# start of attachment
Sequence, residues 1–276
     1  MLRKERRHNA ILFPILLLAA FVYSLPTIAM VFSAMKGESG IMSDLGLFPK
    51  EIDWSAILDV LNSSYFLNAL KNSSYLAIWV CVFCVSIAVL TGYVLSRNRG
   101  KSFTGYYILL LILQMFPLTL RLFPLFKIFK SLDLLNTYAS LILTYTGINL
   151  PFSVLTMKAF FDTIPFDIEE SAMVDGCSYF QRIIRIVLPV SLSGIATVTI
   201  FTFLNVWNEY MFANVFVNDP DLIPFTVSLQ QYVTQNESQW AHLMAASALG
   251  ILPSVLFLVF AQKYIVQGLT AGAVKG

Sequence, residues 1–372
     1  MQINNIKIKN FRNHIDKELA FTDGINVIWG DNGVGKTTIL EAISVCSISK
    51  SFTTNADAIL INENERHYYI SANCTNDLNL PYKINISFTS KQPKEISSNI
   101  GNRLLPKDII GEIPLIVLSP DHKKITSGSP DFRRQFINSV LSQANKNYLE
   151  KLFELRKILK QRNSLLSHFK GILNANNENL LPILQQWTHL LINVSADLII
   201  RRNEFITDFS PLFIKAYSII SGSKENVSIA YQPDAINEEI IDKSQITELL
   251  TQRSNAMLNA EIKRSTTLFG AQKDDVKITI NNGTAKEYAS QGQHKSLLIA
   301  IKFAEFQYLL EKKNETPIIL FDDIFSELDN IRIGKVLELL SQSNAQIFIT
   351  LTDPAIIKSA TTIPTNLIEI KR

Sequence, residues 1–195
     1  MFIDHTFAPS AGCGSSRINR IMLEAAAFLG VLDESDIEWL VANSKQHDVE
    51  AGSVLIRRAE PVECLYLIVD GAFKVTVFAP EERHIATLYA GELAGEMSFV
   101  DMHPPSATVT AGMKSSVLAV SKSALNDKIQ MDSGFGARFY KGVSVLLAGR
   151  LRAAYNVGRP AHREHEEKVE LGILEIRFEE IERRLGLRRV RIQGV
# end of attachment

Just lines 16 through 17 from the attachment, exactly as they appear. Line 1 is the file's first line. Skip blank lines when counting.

   351  LTDPAIIKSA TTIPTNLIEI KR

Sequence, residues 1–195